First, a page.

How to Organize Paperwork (and move your life into the twenty-first century)

If you’re like many Americans, you adhere strictly to the “out of sight, out of mind” approach to life and therefore, if it’s important to me, it’s in a pile somewhere close by. Everyday living produces a lot of paper; but some are extremely valuable and need to be treated as such, whether we choose to discard it or file it. Call it Spring Cleaning and hunker down for one of life’s more time-consuming necessities.  You need to dive right in. And yes, it’s going to be little messy at first; it’s going to be okay, too. Just follow this guide and you will go from clutter and chaos to culled and catalogued.

1) Open those drawers, all of them.
F
ile cabinets, junk drawers, your glove compartment, suitcase, briefcase, and pull out all those papers.  You know where they are.  You may have been bumping into them for many moons now. Other items quickly filling up waste baskets and garages are newspaper and magazines.

2) What paperwork can I discard?

  • Pay stubs that have already been satisfied with your W-2
  • Manuals of appliances that have been replaced
  • Receipts of nondeductible expenses
  • Outdated magazines and newspapers

*TIP: Organizations that recycle magazines and recycling centers will pay up to $100 per transaction for your newspapers, food containers, and even junk mail!

3) What do I keep and for how?
T
here a certain hard copies that are rarely needed but should never be discarded.  Those should be kept in either a burglar/fire resistant safe or a bank’s safety deposit box. Examples are below:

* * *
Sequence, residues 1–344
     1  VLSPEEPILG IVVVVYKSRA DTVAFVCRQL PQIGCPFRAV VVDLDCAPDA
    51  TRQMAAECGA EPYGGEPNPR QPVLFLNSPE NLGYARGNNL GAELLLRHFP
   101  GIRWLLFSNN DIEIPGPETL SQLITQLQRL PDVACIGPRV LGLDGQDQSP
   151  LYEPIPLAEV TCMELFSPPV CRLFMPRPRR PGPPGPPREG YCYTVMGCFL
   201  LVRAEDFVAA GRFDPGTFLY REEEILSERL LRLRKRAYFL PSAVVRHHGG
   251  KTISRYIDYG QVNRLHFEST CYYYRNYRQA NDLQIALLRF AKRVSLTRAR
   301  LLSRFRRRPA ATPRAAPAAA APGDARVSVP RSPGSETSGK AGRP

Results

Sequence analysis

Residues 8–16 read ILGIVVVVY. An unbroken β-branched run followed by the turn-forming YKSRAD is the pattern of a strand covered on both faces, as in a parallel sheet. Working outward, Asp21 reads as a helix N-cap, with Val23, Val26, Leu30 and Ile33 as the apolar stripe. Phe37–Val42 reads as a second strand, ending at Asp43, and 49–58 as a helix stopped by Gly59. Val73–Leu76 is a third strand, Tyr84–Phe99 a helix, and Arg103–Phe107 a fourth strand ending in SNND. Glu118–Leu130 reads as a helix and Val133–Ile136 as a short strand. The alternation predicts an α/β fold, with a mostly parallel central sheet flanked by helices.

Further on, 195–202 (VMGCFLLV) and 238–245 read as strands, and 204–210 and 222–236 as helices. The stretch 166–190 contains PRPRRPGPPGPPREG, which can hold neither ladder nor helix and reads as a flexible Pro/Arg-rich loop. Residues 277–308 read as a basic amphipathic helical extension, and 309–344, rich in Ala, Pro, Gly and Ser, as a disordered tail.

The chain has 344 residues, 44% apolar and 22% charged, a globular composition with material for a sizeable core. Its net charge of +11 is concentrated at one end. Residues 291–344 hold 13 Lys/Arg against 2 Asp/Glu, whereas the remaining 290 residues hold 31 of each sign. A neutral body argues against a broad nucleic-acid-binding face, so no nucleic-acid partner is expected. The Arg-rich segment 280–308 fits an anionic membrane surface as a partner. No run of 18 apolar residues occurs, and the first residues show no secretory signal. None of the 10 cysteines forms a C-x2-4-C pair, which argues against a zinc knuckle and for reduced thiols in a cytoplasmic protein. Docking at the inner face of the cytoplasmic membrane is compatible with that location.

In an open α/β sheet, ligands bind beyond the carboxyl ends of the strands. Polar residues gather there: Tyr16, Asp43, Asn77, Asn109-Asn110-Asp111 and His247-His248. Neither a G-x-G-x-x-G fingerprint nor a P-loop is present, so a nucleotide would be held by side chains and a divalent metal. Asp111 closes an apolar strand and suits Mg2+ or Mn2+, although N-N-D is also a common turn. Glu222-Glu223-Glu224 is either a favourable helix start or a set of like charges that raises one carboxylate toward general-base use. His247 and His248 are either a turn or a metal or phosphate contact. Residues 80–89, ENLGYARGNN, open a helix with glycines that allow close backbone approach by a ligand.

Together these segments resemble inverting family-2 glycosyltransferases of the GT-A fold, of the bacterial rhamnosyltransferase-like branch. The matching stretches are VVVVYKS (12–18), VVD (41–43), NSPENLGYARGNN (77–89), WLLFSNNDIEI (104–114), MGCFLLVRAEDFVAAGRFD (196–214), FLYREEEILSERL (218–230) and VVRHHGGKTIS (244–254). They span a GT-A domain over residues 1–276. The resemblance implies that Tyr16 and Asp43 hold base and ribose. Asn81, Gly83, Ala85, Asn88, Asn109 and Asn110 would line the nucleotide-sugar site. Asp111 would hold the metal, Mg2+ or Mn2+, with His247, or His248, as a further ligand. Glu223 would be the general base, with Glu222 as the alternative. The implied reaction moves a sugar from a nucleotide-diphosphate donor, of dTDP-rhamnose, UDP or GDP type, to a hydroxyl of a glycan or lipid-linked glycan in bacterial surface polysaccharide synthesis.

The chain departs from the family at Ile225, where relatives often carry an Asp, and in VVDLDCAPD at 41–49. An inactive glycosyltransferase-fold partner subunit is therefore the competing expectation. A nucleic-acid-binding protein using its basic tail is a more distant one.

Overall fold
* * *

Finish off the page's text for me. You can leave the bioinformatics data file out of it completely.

• Birth Certificates (forever)
  • Bank statements (1 year)
  • Hard copies of your filed tax returns (How long should I keep my tax records?)
  • Receipts of tax deductible expenses (Keep for 3 years after date of filing. If you filed Feb 15, 2007, keep until Feb 15, 2010)
  • Receipts of large ticket items and home improvement records (as long as you own the property/items)
  • Contracts (until renewed or updated)
  • Insurance, car, home, motorcycle etc (until renewed)
  • Life insurance records (forever)
  • Passport (You only need to keep old your old passport if it contains visas that are still current)

4) Items that should be kept and have COPIES
These are common examples of documents that should not only be kept safe, but should have copies given to an executor or lawyer, an heir, or your financial advisor An example of such important papers to be protected are below:

  • Veteran’s and Military Discharge papers
  • Real Estate Deeds
  • Diplomas
  • Marriage certificates
  • Divorce Decrees
  • Photos of your possessions

5) When in doubt, put it on a thumb drive.
Just not sure of what to keep? Avoiding future panic and frustration can be as easy as snapping a picture of them with your phone and emailing it to yourself. For a more organized approach, scanned copies or pictures should be stored on a drive and can be simply kept in a drawer in your house. Try products like NeatCollect® cloud scanners and digital filing systems.

6) Consider contacting a professional shredding company…
When the time comes to rid your home or office of seven year old bank statements, ten year old tax returns, or employee benefits documents when you change jobs, an on-site shredding truck can give you the peace of mind that they are indeed destroyed. These are great resources for safe and surprisingly affordable destruction of your confidential paper-based documents, hard-drives, CDs, etc.

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